Chris Andrews ’12 had passed through El Paso and was somewhere just outside the New Mexico border when he lost his cell phone signal. He knew that ahead of him lay at least seven days of desert and technological desertion, and his reaction was visceral.
“When I walked into that silence, it was awful,” he said to the assembled Upper School. “It was withdrawal in the simplest sense. I was hearing phantom dings and rings. I was losing my mind and it was a basic, biological response.”
This was the most psychologically trying part of Andrews’ “Let’s Talk” project. From August 2016-March 2017, Andrews walked 3,200 miles from Washington, D.C. to Los Angeles, in an effort to connect with people one-on-one and to interrogate the effect of technology on ourselves and our interactions with one another. He set out with a three-wheeled cart with all of his possessions for the trek, and relied on the kindness of strangers to help him along, and to engage with him and his message. Over those eight months, Andrews conducted almost 11,000 interviews and, through them, came to better understand himself and his fellow Americans.
This quixotic voyage of American discovery began, ironically enough, in Scotland. Andrews was a junior at the University of St. Andrews and found that he “felt numb.” His days were interspersed with and bookended by long dives into social media that he came to recognize as a crutch. “Whenever I felt discomfort or boredom or exhaustion, I would reach for my phone,” Andrews said. “It was always in a moment of weakness.”
Andrews has given TED Talks about our relationship to technology, and the chronicling and broader message about his effort is on the web at www.LetsTalkUSA.com. In preparation for his visit, Upper School students were invited to go phone-less for a day, and then discuss the experience with their advisor groups before Andrews’ talk.
Betsy Heim sat in an eight-desk cluster with her advisees as the she talked about the experience with her kids who did and who didn’t participate.
“I personally believe I have healthy phone habits but I thought I should test it,” said Amelia S. ’21. “The thing I didn’t realize was all the little moments throughout the day when I look at my phone. Like, at one point I had to get up and go find a clock because I didn’t have my phone and that’s what I always look at to see what time it is.”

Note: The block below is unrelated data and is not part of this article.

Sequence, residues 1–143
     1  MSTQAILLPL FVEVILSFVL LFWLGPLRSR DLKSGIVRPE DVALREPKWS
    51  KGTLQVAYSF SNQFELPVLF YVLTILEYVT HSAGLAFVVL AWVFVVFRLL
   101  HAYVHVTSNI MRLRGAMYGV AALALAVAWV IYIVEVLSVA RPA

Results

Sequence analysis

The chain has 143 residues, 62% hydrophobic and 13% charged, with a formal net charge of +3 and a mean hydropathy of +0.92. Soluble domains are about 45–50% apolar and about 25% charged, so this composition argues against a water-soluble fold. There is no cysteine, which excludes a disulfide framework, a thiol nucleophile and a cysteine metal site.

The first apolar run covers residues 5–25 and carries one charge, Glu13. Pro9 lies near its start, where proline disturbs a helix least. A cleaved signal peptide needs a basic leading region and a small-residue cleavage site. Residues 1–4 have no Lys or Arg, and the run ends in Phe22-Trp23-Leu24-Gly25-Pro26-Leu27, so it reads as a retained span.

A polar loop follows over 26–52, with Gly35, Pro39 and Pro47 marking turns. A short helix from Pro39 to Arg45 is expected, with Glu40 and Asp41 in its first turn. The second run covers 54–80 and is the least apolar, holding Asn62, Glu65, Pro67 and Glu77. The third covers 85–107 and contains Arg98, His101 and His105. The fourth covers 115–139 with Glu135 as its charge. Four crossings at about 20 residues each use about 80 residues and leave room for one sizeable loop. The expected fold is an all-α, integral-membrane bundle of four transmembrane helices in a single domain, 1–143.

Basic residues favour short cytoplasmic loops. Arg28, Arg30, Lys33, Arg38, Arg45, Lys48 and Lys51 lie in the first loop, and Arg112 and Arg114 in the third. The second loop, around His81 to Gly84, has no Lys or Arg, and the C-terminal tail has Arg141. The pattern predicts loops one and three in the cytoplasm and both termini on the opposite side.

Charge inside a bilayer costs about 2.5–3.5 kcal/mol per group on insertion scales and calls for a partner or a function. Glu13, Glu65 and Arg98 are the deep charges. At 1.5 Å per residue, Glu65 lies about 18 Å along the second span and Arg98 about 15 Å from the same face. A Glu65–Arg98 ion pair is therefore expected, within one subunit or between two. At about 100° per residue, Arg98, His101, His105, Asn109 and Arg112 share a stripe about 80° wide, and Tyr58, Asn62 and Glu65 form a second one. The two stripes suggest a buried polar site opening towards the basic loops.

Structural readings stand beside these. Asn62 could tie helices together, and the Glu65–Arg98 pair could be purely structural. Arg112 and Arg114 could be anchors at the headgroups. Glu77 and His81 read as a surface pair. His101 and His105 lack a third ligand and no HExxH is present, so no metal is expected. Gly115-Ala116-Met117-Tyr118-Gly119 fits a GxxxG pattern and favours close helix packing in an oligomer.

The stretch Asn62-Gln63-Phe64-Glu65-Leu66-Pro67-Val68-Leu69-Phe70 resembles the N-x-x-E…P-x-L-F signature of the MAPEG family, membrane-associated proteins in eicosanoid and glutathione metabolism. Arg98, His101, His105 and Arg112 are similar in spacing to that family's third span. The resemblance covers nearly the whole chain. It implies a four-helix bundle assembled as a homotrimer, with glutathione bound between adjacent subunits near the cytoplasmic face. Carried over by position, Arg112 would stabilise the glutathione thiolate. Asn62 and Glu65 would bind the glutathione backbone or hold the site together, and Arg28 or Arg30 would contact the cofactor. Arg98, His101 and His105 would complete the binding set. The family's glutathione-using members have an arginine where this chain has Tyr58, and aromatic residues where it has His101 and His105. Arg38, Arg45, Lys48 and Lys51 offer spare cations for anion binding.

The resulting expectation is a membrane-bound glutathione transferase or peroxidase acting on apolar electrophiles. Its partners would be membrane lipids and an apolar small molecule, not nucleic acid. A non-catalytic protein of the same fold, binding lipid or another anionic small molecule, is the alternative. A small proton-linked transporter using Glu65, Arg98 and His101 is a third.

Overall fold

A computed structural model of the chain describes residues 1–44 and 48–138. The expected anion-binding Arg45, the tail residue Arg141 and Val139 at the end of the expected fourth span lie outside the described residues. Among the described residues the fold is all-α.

Heim’s advisees also talked about involuntary phone separation.
“There was a period of time when I lost my phone, and I learned how to bake and cook, and do a bunch of things I wouldn’t have made time for otherwise,” said Amelia S. ’21
Bella D. ’21 said, “I got my phone taken away for three months, but it wasn’t as bad as I thought it would be. My friends told me what was going on, and since then, I’m not on my phone nearly as much.”
For Heim, running is her catharsis, the way she gets at solutions and separates the signal from the noise. “The harder the problem, the longer I run, or the faster I run,” she said. “Ms. Stuart does her best thinking in the shower and what our approaches have in common is that there’s nothing else to focus on in that moment, there’s nothing to distract you. When you’re running, you’re running; when you’re in the shower, the shower’s the only thing you’ve got going on.
“It’s OK to be bored, right?! Just go with it. See what you end up doing,” Heim said.
Back in the theater, Andrews was finishing up his talk before playing a song off his new record and fielding questions from one of the most enthusiastic and engaged Upper School audiences ever to assemble for a speaker. His message wasn’t some nutty Luddite preaching, but rather a practical prescription for navigating the modern world while freeing a part of yourself from it.
“Phones are great. They open up the world to us. But sometimes we sense that we use them more than we’d like,” Andrews said, before laying out his “reasonable and exciting way forward.” This consists of small steps such as using a dedicated alarm clock instead of your phone’s alarm, to setting aside time for thoughtful reflection and simple person-to-person interaction and contact.
“Fear is at the center of all this [dependency,]” Andrews continued. “Talking to people is scary and walking is slow but it blows technology away. You’ve got to remember to be vulnerable, and to listen to others and to yourself. Only then are we truly alive.”